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Globe Editorial

A wrong role for Bill Clinton

December 28, 2008
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DESPITE formidable political skills and an enduring popularity overseas, former president Bill Clinton would be an awkward choice for a foreign policy assignment in an Obama administration. There has been speculation that the ex-president could be made a special envoy for the Mideast, the Indian-Pakistani dispute over Kashmir, or some other area of conflict.

This would be a mistake for several reasons - most notably that he should not serve in a position that reports to his wife, Hillary Clinton, the likely secretary of state.

The difficulty of such an arrangement should be self-evident. It would violate the Beltway bromide that you should never hire someone you can't fire. But there are other reasons not to appoint Clinton as a special envoy for a diplomatic mission.

During the presidential primary campaign, Bill Clinton pursued lines of attack on President-elect Barack Obama that harmed, or complicated, Hillary Clinton's pursuit of the presidency. It was unclear then whether he was following her agenda or acting on his own. There should be no doubt that a US envoy on a peacemaking mission is acting only for the American president and secretary of state.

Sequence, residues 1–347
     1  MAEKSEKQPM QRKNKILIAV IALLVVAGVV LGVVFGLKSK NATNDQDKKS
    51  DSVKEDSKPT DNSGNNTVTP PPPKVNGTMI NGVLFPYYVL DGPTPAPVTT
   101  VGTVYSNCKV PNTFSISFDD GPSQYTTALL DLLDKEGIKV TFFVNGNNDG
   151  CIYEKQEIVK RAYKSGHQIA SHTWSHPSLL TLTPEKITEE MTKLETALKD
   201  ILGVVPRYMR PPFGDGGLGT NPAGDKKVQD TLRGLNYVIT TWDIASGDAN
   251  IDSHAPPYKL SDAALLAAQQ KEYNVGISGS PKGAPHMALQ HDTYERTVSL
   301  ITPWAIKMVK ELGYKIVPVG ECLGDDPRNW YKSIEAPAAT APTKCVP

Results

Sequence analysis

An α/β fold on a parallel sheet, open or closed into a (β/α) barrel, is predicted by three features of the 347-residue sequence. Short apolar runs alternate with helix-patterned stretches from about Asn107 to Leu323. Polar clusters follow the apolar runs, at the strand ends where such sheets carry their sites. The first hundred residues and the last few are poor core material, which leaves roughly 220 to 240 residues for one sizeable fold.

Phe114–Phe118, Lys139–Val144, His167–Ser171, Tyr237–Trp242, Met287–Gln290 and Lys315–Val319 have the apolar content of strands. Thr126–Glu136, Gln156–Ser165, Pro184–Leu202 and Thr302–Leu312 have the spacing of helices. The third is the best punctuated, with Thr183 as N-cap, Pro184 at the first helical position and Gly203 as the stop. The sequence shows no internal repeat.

Yet another complication would come from the foreign donors to Clinton's charitable foundation. Earlier this month, Clinton disclosed that his foundation raised millions of dollars from foreign governments including Saudi Arabia, Australia, Kuwait, and Qatar. He had to disclose this list as a condition for Obama to pick Hillary Clinton as secretary of state, even though donors were originally led to believe their donations would not be public. But this disclosure does not eliminate the potential for conflicts of interest.

Furthermore, the former president would come to any negotiating table burdened with specific policy failures during his two terms in the White House. India and Pakistan both tested nuclear weapons on Clinton's watch. The Taliban seized power in Afghanistan, with backing from Pakistan's intelligence agency. And when Clinton broke his own promise not to blame either side for failure at Camp David by casting all blame on Palestinian Authority president Yasser Arafat, he ruined whatever reputation he had among Palestinians as an honest broker. The new administration can't get tangled up in what should or shouldn't have happened in the 1990s. US diplomacy needs a fresh start.

Bill Clinton could serve many domestic causes well. Or he could directly take on the fight against poverty and disease in Africa that his Global Initiative has pursued. But former presidents do not make the best diplomats. And the downside is even greater for one who would report to his own spouse.

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